You can get a canon to e-mount adapter for 50 bucks here http://fotodioxpro.com/index.php/catalogsearch/result/?q=canon+to+e-mount
I have some 20 year old Minolta (Sony A Mount) lenses my wife bought 20 years ago and just bought a Fotodiox adapter for them and they are awesome. For 40 bucks I was able to recycle a 35-70 micro and 70-300 zoom (Beercan) lense. I also have the Kit lense (18-200) the 16mm pancake and the 50 f1.8 in e-mount. They are worth it for the OIS but if you are going to leave a camera static for some time, your canon glass on an adapter will work just fine.
I film a lot of wildlife. This morning I was on a lake in my boat filming Blue Heron's and Canadian Geese. You have no control over wildlife so I've made a habit of setting for a wide depth of field while filming them if the light provides that. I know if I can stay above f8 on apture I can get a 10-15 yard or more range where I'll have good focus. I use the peaking function and watch it crawl. Meaning I see red on my subject and red to a distance in front of or behind the subject depending on how I think its going to move. I can actually center it in the field if I want but typically from the boat if I have them and some background, I'll be good because they are not likely to come to me.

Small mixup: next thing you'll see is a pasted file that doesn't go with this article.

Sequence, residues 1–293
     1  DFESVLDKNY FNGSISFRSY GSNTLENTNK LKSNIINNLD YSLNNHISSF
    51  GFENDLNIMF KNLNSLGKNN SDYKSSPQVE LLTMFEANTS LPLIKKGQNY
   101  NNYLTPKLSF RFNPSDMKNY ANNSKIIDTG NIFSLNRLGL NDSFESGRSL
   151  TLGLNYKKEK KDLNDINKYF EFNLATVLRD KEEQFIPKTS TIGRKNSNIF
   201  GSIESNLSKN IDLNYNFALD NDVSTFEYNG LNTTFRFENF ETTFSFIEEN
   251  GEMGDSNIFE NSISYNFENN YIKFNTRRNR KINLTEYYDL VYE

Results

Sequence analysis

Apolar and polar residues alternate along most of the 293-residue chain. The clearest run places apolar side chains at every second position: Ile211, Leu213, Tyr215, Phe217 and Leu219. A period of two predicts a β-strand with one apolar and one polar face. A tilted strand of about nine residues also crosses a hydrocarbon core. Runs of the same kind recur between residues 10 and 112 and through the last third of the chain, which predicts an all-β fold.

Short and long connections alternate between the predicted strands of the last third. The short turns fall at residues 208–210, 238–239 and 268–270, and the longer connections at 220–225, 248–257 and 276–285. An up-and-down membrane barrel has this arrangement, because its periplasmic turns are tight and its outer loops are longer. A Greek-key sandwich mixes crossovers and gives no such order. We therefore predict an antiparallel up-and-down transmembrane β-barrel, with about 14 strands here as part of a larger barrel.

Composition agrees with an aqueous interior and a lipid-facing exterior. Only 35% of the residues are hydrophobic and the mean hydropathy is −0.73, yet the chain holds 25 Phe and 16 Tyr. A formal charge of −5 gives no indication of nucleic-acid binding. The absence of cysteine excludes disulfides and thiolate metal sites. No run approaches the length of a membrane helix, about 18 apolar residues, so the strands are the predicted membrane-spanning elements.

It takes practice to work with DOF but after a while you don't even think of which way to turn a focus ring, it becomes instinctive or subconcious as you just follow the peaking color. if you get in a situation where you want shallow DOF, its easy to do quickly. I use shutter priority mostly and just run up the shutter speed to open the apture after I have focused and bam, its there on the VG-10. That's why I like it for in the woods. After you get used to it, you can be quite fast with it and get a lot of versatility out of such a small form factor.